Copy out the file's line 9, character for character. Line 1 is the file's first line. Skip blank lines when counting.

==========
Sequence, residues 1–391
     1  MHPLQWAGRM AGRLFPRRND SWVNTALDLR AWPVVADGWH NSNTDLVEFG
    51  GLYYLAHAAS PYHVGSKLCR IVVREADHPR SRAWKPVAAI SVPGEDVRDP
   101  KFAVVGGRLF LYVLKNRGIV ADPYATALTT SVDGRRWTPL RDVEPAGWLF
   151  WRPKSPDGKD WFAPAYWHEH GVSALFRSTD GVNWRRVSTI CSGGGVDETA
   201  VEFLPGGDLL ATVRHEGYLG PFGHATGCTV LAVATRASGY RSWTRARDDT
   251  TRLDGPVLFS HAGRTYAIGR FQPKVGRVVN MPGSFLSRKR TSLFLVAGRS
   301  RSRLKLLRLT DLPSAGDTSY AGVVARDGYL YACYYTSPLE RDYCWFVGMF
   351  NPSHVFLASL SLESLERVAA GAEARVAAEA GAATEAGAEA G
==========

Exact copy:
   351  NPSHVFLASL SLESLERVAA GAEARVAAEA GAATEAGAEA G